Search
   >> Home >> Resources & support >> FAQs >> The anova command and collinearity

How does the anova command handle collinearity?

Title   The anova command and collinearity
Author William Sribney, StataCorp
Date March 1997; updated July 2011; minor revisions April 2015

Here is an example that illustrates what happens.

. input woman twin

         woman       twin
  1.       1     1  
  2.       2     1  
  3.       3     2  
  4.       4     2  
  5.       5     3  
  6.       6     3  
  7. end

. tab woman, gen(w)

woman Freq. Percent Cum.
1 1 16.67 16.67
2 1 16.67 33.33
3 1 16.67 50.00
4 1 16.67 66.67
5 1 16.67 83.33
6 1 16.67 100.00
Total 6 100.00
. tab twin, gen(t)
twin Freq. Percent Cum.
1 2 33.33 33.33
2 2 33.33 66.67
3 2 33.33 100.00
Total 6 100.00
. gen t1w1 = t1*w1 - t1*w2 . gen t2w3 = t2*w3 - t2*w4 . gen t3w5 = t3*w5 - t3*w6 . list w* t*, nodisplay sep(0)
  woman w1 w2 w3 w4 w5 w6 twin t1 t2 t3 t1w1 t2w3 t3w5
1. 1 1 0 0 0 0 0 1 1 0 0 1 0 0
2. 2 0 1 0 0 0 0 1 1 0 0 -1 0 0
3. 3 0 0 1 0 0 0 2 0 1 0 0 1 0
4. 4 0 0 0 1 0 0 2 0 1 0 0 -1 0
5. 5 0 0 0 0 1 0 3 0 0 1 0 0 1
6. 6 0 0 0 0 0 1 3 0 0 1 0 0 -1
. set seed 123 . gen x = 12 - int(2*runiform()) . expand x (63 observations created) . gen y = runiform() . anova y woman twin Number of obs = 69 R-squared = 0.0251 Root MSE = .304633 Adj R-squared = -0.0523
Source Partial SS df MS F Prob>F
Model .15054776 5 .03010955 0.32 0.8964
woman .15054776 5 .03010955 0.32 0.8964
twin 0 0
Residual 5.8464905 63 .09280144
Total 5.9970382 68 .08819174
. regress y w1-w5 t1-t3 note: w1 omitted because of collinearity note: w3 omitted because of collinearity note: t1 omitted because of collinearity
Source SS df MS Number of obs = 69
F(5, 63) = 0.32
Model .150547762 5 .030109552 Prob > F = 0.8964
Residual 5.84649045 63 .092801436 R-squared = 0.0251
Adj R-squared = -0.0523
Total 5.99703821 68 .088191738 Root MSE = .30463
y Coef. Std. Err. t P>|t| [95% Conf. Interval]
w1 .0516343 .1271611 0.41 0.686 -.2024769 .3057455
w2 0 (omitted)
w3 0 (omitted)
w4 .0359635 .1298961 0.28 0.783 -.2236131 .29554
w5 .0800831 .124366 0.64 0.522 -.1684426 .3286087
t1 0 (omitted)
t2 -.0798703 .1298961 -0.61 0.541 -.3394469 .1797063
t3 -.0642359 .1271611 -0.51 0.615 -.3183471 .1898752
_cons .5206881 .0918504 5.67 0.000 .3371397 .7042364

The regress model is obviously collinear, but so was the anova model. The anova command keeps terms from left to right. Hence, it “omitted” the twin effect (i.e., all the twin dummies).

. anova y twin woman

                           Number of obs =          69   R-squared     =  0.0251
                           Root MSE      =     .304633   Adj R-squared = -0.0523

Source Partial SS df MS F Prob>F
Model .15054776 5 .03010955 0.32 0.8964
twin .09122261 2 .04561131 0.49 0.6140
woman .06089443 3 .02029814 0.22 0.8831
Residual 5.8464905 63 .09280144
Total 5.9970382 68 .08819174

Again, anova keeps terms from left to right; here it kept only three out of the six women dummies.

. anova y twin twin#woman

                           Number of obs =         69   R-squared     =  0.0251
                           Root MSE      =    .304633   Adj R-squared = -0.0523

Source Partial SS df MS F Prob>F
Model .15054776 5 .03010955 0.32 0.8964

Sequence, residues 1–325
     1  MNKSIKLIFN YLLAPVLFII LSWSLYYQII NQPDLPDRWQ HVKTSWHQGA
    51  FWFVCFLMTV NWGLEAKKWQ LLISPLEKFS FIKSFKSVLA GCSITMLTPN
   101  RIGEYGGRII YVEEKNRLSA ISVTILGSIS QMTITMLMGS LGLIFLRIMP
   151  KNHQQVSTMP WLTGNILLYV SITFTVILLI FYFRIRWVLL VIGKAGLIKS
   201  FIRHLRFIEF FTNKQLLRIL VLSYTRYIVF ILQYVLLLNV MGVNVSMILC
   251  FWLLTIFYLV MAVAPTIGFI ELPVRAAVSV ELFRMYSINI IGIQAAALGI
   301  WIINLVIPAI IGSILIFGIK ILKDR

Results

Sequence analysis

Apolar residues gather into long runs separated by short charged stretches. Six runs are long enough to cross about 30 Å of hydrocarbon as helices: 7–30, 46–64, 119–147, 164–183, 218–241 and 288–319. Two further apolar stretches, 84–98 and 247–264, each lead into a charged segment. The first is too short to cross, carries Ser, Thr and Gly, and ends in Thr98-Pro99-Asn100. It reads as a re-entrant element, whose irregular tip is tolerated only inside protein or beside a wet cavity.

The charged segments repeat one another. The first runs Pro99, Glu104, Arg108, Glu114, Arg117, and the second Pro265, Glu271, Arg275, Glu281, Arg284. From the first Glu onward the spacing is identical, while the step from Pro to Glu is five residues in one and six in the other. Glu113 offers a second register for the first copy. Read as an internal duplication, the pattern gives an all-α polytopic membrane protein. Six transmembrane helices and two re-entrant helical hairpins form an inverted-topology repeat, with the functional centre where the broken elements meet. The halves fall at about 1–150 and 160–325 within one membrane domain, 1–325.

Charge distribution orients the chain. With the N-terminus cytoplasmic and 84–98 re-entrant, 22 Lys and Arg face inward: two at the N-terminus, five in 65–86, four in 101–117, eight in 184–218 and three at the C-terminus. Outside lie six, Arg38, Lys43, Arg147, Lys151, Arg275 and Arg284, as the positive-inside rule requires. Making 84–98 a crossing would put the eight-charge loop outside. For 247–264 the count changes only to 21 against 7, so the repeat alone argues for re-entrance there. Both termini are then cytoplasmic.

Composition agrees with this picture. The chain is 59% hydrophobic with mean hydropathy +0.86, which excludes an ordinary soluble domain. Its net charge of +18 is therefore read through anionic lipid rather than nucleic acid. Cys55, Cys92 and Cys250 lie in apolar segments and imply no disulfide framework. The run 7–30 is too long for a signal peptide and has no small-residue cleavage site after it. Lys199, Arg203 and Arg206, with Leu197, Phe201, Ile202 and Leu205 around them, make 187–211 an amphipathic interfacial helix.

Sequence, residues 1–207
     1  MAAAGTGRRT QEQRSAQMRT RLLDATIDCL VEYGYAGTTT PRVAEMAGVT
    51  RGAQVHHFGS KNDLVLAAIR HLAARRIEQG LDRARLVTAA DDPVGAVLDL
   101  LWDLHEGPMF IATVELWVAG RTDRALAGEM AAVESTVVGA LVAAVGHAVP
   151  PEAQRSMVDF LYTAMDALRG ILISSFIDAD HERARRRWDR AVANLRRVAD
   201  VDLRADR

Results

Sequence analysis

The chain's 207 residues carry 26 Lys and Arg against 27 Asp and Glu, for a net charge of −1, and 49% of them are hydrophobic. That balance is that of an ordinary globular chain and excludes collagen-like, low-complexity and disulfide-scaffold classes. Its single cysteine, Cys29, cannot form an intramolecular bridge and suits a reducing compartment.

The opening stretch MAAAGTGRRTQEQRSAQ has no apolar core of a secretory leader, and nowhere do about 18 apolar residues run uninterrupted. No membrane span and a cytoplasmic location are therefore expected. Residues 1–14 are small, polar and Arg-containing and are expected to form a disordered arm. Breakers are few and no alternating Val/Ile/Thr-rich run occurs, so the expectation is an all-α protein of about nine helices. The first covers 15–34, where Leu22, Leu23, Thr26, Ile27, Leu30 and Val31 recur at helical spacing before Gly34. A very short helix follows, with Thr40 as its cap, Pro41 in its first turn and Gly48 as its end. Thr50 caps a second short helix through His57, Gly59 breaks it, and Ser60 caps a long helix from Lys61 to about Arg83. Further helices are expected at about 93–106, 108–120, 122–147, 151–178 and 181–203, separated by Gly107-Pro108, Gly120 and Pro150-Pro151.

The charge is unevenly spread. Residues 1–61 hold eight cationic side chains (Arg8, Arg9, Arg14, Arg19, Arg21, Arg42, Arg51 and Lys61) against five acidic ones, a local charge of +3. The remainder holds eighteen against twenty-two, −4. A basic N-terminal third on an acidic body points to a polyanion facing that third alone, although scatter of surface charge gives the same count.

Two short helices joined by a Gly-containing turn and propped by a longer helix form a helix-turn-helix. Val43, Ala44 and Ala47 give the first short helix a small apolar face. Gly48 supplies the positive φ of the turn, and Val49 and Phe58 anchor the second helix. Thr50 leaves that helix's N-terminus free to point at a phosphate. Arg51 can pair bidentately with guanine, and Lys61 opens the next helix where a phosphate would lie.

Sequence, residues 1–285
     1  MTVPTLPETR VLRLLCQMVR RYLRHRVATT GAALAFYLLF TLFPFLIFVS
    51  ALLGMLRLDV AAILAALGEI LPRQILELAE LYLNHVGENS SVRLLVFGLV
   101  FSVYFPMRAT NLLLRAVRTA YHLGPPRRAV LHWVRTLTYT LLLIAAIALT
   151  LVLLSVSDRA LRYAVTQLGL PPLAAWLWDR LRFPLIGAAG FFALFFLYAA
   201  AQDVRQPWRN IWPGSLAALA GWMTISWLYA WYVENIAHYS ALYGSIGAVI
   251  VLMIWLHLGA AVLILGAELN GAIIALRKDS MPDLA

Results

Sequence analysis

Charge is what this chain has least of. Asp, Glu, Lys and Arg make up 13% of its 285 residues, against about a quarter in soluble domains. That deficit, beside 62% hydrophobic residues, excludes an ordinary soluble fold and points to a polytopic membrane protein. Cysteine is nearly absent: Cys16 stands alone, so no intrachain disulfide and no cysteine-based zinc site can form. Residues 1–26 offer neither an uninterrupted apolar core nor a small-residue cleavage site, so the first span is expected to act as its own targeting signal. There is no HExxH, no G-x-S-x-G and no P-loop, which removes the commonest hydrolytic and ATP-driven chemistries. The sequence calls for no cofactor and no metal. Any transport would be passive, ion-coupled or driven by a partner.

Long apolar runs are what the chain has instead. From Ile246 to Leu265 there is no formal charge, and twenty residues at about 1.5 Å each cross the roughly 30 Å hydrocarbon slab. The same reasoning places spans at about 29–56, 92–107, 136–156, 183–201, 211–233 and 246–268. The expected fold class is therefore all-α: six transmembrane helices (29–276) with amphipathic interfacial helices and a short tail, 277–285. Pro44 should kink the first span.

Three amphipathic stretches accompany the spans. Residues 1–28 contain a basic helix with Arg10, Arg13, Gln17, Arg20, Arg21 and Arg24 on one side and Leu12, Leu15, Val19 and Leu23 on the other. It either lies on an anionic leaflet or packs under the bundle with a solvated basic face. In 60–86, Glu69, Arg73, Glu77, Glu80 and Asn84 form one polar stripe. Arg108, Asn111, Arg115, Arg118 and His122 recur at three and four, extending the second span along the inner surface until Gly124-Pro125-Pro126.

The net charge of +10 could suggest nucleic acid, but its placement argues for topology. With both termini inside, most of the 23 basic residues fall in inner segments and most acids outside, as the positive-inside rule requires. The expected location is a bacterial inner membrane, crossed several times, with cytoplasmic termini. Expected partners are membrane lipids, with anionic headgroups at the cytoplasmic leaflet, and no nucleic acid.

twin .0872024 2 .0436012 0.47 0.6273
twin#woman .06089443 3 .02029814 0.22 0.8831
Residual 5.8464905 63 .09280144
Total 5.9970382 68 .08819174

Below, we do the equivalent regression.

. regress y t1 t2 t1w1 t2w3 t3w5

Source SS df MS Number of obs = 69
F(5, 63) = 0.32
Model .150547762 5 .030109552 Prob > F = 0.8964
Residual 5.84649045 63 .092801436 R-squared = 0.0251
Adj R-squared = -0.0523
Total 5.99703821 68 .088191738 Root MSE = .30463
y Coef. Std. Err. t P>|t| [95% Conf. Interval]
t1 .0500115 .0889338 0.56 0.576 -.1277084 .2277315
t2 -.0376941 .0899165 -0.42 0.676 -.2173779 .1419896
t1w1 .0258171 .0635806 0.41 0.686 -.1012385 .1528727
t2w3 -.0179817 .064948 -0.28 0.783 -.14777 .1118066
t3w5 .0400415 .062183 0.64 0.522 -.0842213 .1643044
_cons .4964937 .062183 7.98 0.000 .3722309 .6207565
. test t1 t2 ( 1) t1 = 0 ( 2) t2 = 0 F( 2, 63) = 0.47 Prob > F = 0.6273

I made the interactions orthogonal, which is essentially what anova does.

. test t1w1 t2w3 t3w5

 ( 1)  t1w1 = 0
 ( 2)  t2w3 = 0
 ( 3)  t3w5 = 0

       F(  3,    63) =    0.22
            Prob > F =    0.8831

Hopefully, you understand the above Wald tests. If not, the anova partial SS and their tests are equivalent. I call them “added-last” tests.

The test of t1 = t2 = 0 is a test of

y = t1w1 t2w3 t3w5 t1 t2
vs.
y = t1w1 t2w3 t3w5

The following explains sequential SS:

. anova y twin twin#woman, seq

                           Number of obs =          69    R-squared     =  0.0251
                           Root MSE      =     .304633    Adj R-squared = -0.0523

Source Seq. SS df MS F Prob>F
Model .15054776 5 .03010955 0.32 0.8964
twin .08965333 2 .04482667 0.48 0.6192
twin#woman .06089443 3 .02029814 0.22 0.8831
Residual 5.8464905 63 .09280144
Total 5.9970382 68 .08819174
. anova y twin Number of obs = 69 R-squared = 0.0149 Root MSE = .299175 Adj R-squared = -0.0149
Source Partial SS df MS F Prob>F
Model .08965333 2 .04482667 0.50 0.6083
twin .08965333 2 .04482667 0.50 0.6083
Residual 5.9073849 66 .08950583
Total 5.9970382 68 .08819174

The twin SS are the same in the two preceding anovas. The difference in the tests is in the denominator of the F. The residuals are obviously different. I (and my profs) prefer the second for testing “main effects”.

Clearly, I take a model-building approach to anova and think in terms of the equivalent regression.

You can type regress after running anova to view an equivalent regression.

The Stata Blog: Not Elsewhere Classified Find us on Facebook Follow us on Twitter LinkedIn Google+ Watch us on YouTube